Employment & Addiction Treatment

One of the main reasons that people are concerned about the confidentiality of rehab is because they want to ensure that they can keep their jobs. 

 

Fortunately, addiction is widely recognized as a disease. This means that many places of employment will allow their employees to take medical leave in order to seek addiction treatment. In this case, however, your employer is allowed to ask for medical information about your treatment. 

 

If they ask your general practitioner to provide them with information about your specific treatment plan, then you’ll still have to provide them with written consent.

Tips on Ensuring Confidentiality

These are some tips and tricks that you can employ to help ensure that your addiction and recovery remain as confidential as possible.

 

  • Seek treatment as early as possible. It’s much easier to treat an addiction confidentially before it spirals out of control and become difficult to manage. The sooner you treat it, the less likely coworkers and family members are to find out about your struggle.

  • You may want to consider seeking treatment at a facility that isn’t located close to your work, home, or school. This is especially true if you will be attending an outpatient program, which you will be coming and going from several times a week.

  • Make sure that you are cautious with who you choose to discuss your addiction with. Make sure not to open up with anyone who is prone to gossiping. Remember, if someone likes to talk to you about other people, they are most likely talking about you to them.

  • If you live with children, you can explain to them that you’re struggling with a complex disease and that you need to take time and space to recover. This way they won’t be able to tell other people that you’re struggling with addiction.

  • You may be interested in finding a second doctor or GP who can refer you to rehab. This can prevent your regular GP from discovering your addiction.

  • Double-check to ensure that the rehab center you are considering does not allow cameras on the premises.

Confidentiality & Meetings

You may wonder if recovery meetings are confidential. This is a valid question, especially considering the fact that most rehab programs encourage their clients to attend recovery meetings afterward.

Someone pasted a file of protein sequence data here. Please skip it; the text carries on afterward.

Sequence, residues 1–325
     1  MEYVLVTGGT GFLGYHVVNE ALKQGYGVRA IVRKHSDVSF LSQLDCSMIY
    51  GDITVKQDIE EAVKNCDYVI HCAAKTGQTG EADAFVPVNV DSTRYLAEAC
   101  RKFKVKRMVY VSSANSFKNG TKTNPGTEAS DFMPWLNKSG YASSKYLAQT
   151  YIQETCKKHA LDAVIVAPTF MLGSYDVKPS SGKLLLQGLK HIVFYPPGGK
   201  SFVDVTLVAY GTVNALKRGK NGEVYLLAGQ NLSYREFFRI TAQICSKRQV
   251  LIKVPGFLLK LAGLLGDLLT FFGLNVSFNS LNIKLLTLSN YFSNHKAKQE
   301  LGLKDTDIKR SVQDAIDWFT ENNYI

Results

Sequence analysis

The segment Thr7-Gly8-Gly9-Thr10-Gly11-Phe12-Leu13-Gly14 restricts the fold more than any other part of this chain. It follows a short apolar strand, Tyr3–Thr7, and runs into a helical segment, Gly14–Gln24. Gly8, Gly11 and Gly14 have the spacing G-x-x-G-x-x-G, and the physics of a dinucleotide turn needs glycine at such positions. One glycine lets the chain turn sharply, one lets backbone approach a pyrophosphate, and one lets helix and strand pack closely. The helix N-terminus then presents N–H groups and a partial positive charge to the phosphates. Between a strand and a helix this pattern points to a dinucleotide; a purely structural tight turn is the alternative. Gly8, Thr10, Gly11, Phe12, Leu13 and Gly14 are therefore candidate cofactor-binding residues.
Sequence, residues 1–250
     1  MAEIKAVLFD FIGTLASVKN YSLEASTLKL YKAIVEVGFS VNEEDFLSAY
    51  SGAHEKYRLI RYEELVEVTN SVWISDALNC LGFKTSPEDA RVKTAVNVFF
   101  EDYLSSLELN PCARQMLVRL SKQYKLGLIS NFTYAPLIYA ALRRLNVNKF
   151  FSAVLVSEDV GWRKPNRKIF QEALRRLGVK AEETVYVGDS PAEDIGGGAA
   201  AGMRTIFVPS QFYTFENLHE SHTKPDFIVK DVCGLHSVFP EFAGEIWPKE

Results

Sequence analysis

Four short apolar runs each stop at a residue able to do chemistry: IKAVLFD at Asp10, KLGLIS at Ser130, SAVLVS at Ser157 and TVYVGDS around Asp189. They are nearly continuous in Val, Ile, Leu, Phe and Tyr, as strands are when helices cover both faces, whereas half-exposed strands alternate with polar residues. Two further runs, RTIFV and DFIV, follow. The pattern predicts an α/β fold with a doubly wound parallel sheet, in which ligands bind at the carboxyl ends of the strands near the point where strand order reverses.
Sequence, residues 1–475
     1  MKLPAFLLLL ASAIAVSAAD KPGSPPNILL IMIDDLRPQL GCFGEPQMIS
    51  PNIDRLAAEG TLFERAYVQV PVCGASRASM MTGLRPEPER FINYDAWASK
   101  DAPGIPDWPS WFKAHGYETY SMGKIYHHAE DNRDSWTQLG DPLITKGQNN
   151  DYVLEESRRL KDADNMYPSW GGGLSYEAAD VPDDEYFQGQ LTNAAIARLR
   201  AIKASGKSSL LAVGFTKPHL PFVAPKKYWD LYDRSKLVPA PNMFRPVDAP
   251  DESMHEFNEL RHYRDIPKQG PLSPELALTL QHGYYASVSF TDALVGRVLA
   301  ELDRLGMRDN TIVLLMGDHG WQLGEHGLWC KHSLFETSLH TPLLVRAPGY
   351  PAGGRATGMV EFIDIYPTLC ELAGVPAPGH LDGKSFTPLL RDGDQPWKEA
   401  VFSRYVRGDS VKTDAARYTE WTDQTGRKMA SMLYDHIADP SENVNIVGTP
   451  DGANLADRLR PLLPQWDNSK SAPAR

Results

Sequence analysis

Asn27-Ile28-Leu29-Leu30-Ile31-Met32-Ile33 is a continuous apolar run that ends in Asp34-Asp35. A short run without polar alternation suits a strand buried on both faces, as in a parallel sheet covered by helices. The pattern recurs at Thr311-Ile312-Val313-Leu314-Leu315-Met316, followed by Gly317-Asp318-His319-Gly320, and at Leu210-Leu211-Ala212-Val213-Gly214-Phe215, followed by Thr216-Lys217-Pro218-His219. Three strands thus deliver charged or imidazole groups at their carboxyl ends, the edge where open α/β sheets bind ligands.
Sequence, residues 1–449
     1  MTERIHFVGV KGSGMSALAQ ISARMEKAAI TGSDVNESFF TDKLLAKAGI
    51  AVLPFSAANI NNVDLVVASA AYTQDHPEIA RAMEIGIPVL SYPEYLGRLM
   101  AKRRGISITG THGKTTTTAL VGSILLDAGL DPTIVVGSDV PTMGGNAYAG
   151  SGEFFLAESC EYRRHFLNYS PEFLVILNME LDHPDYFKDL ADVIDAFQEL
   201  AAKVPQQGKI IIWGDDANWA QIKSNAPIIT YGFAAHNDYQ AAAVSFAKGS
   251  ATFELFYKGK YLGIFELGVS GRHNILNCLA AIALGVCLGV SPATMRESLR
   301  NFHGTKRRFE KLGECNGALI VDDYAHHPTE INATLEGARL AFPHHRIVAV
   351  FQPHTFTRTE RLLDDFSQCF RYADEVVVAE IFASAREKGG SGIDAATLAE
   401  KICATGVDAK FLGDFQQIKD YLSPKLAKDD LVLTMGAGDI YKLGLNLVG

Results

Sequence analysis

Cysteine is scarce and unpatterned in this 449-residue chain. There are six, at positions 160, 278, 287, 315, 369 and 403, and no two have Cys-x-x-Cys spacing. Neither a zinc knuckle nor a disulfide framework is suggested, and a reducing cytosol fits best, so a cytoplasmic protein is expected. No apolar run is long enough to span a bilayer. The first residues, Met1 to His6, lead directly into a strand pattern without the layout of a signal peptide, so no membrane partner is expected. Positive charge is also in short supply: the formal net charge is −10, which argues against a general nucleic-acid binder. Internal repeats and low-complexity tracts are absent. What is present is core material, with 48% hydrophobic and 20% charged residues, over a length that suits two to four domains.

There are a few things to consider in this regard. 

 

The 12-stop model is generally considered to be somewhat confidential. Since you aren’t required to register for A.A. or N.A. meetings then you won’t be attached to any ledger or registry. You only need to provide your first name. If you’re extra-cautious you can even use a fake name.

 

While the premise is that everything shared at a recovery meeting stays within the meeting, there isn’t much way to enforce such a rule. These are not medically sanctioned treatments and as such, members are not necessarily bound to confidentiality. 

 

On top of that, you must be aware that some meetings are held in public spaces such as parks. You may encounter people that you know if you’re attending a public meeting.

Conclusion

There are lots of reasons that you might be interested in keeping your recovery and rehabilitation confidential. Confidentiality helps to ensure your security in your workplace and school and can help prevent you from being faced with unwanted stigma.

 

Fortunately, most rehab programs have a strict confidentiality policy. On top of that, any medically sanctioned rehabilitation program is bound by federal law to keep any information strictly confidential. 

 

If you have any doubts about the confidentiality of your rehab program, don’t hesitate to ask one of the facilitators or administrators about their policy and the laws that they’re bound by.